Originally Posted by tuffluck
Originally Posted by Fourputt
But most of them aren't playing from the tips. Aside from a couple of obvious idiots, I've never seen a golfer who can't break 100 play from 7000 yards. No one is ever going to convince me that such an endeavor is anything but masochistic. As others have said, you can do what you like, but I don't think you are doing yourself any favor by putting unnecessary stress on your apparently below average game.
Most of the guys I've known who can't break 100 can't even do it from the 6500 yard middle tees on my home course either.
so now i'm a below average golfer...hmm, exactly who are you selecting to create your average from? there is thread right below this that insists most average golfers shoot well over 100.
besides, if i am a below average golfer, why would it matter where i play from? i should be below average from any distance. i don't find it any more stressful to play from the tips than the whites, like absolutely zero percent more stressful. that's something you just made up about me in your head right now.
If you carry a 20 handicap, then yes, you are some 5 strokes worse than the average handicap player. Since most average players don't play from the back tees, I find it odd that you feel that you have to. It's clearly an ego thing, whether you admit it or not. You say that you typically make a couple of snowmen in each round. The player who carries an average handicap doesn't. I may have a hole score that bad four or five times in an entire season. I can usually limit any damage from a bad shot to no worse than a triple, and usually double on my bad holes. Yet I'm right in that "average" handicap golfer range.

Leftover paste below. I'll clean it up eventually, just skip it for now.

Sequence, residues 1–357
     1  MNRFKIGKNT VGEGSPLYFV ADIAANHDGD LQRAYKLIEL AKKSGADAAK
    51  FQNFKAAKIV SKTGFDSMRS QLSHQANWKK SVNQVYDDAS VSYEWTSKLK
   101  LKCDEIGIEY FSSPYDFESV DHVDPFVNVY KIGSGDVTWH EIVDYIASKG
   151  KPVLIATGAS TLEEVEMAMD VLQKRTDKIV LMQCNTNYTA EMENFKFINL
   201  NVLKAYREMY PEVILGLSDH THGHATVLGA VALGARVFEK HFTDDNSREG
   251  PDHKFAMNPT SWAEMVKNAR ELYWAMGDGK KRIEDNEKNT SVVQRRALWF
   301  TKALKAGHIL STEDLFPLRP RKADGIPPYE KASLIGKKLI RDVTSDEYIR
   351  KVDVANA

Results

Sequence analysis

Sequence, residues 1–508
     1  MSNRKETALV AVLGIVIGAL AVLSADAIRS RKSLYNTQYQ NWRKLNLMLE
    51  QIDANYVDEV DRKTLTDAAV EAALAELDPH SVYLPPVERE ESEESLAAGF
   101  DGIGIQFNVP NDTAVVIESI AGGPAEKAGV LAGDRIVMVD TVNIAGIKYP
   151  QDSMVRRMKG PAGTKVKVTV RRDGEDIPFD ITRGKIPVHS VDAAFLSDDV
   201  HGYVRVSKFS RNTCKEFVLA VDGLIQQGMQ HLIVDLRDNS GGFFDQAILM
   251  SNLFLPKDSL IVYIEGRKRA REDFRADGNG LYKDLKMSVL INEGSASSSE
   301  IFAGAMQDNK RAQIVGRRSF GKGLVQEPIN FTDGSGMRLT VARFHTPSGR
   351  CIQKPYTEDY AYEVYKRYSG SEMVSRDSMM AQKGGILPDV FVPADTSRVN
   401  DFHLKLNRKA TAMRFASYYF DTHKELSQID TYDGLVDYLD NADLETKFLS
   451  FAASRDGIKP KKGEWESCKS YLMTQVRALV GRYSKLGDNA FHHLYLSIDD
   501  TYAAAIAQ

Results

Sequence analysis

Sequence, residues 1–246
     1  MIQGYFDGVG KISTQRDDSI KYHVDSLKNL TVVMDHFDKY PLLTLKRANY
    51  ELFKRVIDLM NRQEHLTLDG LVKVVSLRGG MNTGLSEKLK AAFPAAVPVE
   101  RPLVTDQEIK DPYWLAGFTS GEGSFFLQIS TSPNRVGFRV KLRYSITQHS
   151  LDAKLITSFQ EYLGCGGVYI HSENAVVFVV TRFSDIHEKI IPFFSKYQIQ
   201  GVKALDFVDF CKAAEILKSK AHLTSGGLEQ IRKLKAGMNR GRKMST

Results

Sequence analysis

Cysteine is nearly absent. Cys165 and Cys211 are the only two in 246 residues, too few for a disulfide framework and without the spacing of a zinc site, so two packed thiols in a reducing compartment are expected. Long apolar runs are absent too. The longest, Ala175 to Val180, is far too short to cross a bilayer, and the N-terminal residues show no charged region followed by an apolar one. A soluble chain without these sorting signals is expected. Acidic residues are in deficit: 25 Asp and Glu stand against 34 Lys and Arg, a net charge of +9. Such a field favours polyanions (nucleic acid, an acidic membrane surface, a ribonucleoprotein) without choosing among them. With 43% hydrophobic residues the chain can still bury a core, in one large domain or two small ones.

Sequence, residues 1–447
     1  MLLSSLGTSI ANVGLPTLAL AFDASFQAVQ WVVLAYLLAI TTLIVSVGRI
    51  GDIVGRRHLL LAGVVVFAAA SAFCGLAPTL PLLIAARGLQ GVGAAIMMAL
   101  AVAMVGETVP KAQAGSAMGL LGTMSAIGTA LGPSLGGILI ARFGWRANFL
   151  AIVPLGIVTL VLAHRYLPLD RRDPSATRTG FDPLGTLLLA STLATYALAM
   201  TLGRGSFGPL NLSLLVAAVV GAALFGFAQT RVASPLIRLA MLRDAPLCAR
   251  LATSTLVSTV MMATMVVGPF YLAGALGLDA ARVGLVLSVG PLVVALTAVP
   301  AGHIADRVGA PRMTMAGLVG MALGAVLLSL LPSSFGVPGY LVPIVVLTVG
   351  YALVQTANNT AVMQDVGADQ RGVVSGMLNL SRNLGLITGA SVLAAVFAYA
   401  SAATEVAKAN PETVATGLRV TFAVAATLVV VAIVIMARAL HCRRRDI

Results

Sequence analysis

Originally Posted by tuffluck
Originally Posted by Dave2512
The problem is too many base it on their best drives not their average. For the high capper the inconsistency that comes with that means lots of errant hits with all clubs. I know I'm not consistent enough where all my approach shots don't vary more than 2 clubs. The chance I'll duff one from the tee and attempt to recover from that with a 4h is about the same that I'll crush it and be a wedge out. I tracked stats the better part of the season. Still hitting just 46% FIR.
maybe something else to consider...
if you look at a scorecard on your local course, how many of the holes are actually so much longer from the tips that they significantly effect your playing style on them? for me that would be the difference between a 450 yard par 4 and a 480 yard par 4. that may put me on a hybrid hitting to the green instead of a 5i/6i.
MOST par 4s on the courses i play at don't have this kind of jump at this yardage on more than 2-3 holes. most of them are the difference between 380 and 410. and i think those kinds of holes play exactly the same from either tip for me.
par 3s over 200y you'll see on the tips too, and those are the only other holes that are significantly harder in terms of difficulty from the forward tees.
The par 4 holes on my home course from the back tees are 371, 450, 432, 372 (forced layup unless you can carry the ball 320 yards), 379, 401, 450, 407, 418, 436. The shortest par 5 is 520. Unless you can hit the ball in the fairway consistently, you will be contending with trees, water, and/or native rough up to 4 feet tall. Length alone just isn't enough to be playing the tips. Accuracy and the ability to make intelligent decisions is more important.
I like the middle tees because my ego doesn't require me to use driver on every hole. The longest par 4 from the middle tees is 432 yards and 5 are at or over 400, so adding in the par 5's there is still plenty of opportunity to use the driver, but I like thinking my way through a hole instead of just automatically pulling driver every time. It's a rare round when I don't use every club in my bag at some point in the round.
I've played a lot of golf with long hitters who think like you do, and I usually get sick and tired of stomping the weeds looking for their drives. It may be fun for you, but it's rarely fun for the people you play with.